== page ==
by Buck Reed

Seafood The Grill

You don’t need a calendar to tell you that the weather is warmer, and once the rain subsides, it’s grilling time. Now, there are the usual hamburgers and hot dogs options, which are pretty good reasons to fire up the charcoal, and even a steak or chicken can be considered an upgrade. But if you want something exceptional, why not consider adding a little seafood to the grill.

Adding an extra appetizer to the menu might be the most cost-effective option to adding a bit of the sea to your menu. Grilled shrimp with a simple cocktail or remoulade sauce can add an easy option to your party. A simple marinade of beer and Old Bay and a grill basket can easily turn this into a successful starter.

Oysters or clams can also be a nice addition or starter for your get-together. Just shuck them, making sure to keep the juices intact, and carefully place them in the half shell on the hot grill. Add a little flavored butter and close the lid. The heat, smoke, and steam will cook them up and, if you can keep them from overcooking, should result in a memorable starter. Figure on one or two per person for your guests to enjoy while you are preparing the rest of the meal.

As far as fish, a cheaper cut may well be a better choice to consider. Blue fish tends to be a strong-flavored fish, but if you marinate it, you can cut those flavors down, and using a smoke option might turn this inexpensive fish into a treasure. I am thinking grilled fish tacos here for a festive backyard gathering.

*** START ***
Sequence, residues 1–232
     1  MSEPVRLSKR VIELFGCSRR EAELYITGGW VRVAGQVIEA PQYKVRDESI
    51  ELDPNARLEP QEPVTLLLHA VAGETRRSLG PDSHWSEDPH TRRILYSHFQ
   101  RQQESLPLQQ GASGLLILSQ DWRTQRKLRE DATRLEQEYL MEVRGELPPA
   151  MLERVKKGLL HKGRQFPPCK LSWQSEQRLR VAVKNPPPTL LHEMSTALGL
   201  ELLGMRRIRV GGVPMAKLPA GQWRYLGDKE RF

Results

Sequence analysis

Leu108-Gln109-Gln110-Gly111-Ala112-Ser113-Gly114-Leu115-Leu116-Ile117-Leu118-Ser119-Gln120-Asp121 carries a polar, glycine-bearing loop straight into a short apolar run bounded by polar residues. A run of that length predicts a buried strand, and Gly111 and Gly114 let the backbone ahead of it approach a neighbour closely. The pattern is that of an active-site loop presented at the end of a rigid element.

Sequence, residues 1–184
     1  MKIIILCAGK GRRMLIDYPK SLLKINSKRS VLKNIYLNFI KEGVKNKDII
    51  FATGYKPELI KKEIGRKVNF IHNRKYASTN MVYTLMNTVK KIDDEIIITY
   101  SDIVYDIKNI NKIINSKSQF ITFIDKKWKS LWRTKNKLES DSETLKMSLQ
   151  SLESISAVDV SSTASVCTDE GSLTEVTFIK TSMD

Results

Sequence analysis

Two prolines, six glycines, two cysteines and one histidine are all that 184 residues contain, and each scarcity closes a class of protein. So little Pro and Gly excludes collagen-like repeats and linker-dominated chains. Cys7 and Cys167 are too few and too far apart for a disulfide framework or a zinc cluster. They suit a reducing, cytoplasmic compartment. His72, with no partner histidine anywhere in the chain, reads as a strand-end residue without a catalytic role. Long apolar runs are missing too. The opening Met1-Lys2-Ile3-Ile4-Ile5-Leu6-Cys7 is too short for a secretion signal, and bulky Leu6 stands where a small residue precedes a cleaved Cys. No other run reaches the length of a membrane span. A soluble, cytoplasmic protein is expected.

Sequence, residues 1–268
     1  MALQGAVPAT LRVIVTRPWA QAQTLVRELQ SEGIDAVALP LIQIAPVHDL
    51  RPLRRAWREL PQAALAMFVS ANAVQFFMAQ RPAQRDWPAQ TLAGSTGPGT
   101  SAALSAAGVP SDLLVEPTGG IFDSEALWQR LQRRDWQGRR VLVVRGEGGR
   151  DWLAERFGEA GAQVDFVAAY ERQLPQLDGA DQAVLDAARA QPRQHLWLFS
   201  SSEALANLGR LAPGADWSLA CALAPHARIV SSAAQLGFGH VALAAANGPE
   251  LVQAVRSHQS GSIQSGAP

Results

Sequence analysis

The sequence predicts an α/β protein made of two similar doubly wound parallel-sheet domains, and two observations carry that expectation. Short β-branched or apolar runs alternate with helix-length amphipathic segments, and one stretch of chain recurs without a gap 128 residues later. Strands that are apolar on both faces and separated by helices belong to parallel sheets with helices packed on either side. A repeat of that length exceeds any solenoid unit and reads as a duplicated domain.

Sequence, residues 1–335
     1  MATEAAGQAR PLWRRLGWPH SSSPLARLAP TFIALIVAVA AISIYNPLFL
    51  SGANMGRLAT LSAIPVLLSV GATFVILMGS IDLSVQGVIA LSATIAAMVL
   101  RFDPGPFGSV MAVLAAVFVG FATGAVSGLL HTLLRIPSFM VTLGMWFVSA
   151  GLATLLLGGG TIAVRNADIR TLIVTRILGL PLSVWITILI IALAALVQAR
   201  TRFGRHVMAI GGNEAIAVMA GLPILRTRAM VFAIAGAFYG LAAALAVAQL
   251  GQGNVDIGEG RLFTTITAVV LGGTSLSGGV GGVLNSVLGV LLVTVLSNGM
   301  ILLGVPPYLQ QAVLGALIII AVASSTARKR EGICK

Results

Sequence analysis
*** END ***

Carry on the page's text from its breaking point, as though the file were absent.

Whole fish are also an excellent choice for the grill. Just make sure it is scaled and deboned or just ask the seafood attendant to make it pan ready for you. Adding a flavored butter or herbs inside the cavity can also add some great flavors to your fish.

Most fish do pretty well on the grill, and with a clean, hot grill—as well as a lot of attention—can produce some great results. But if you are worried about the fish sticking to the grate, consider planking as an easy out. This is simply placing the fish on a board and putting that over the fire. You should first soak the board in water for a few hours or overnight to keep it from burning up before fish is cooked. Don’t forget to season your fish before grilling.

And, if you want to go outside the box, think about adding grilled octopus on your menu. It is actually more foolproof than you think. A day or two before the grilling, simmer your octopus pieces until tender, then chill. Add a marinade an hour or two before and then grill until hot and slightly charred.

There really shouldn’t be a stigma associated with the preparation of seafood. It really is more simple than most people think, and given its quick cooking time, should be an easy choice for your next barbeque.

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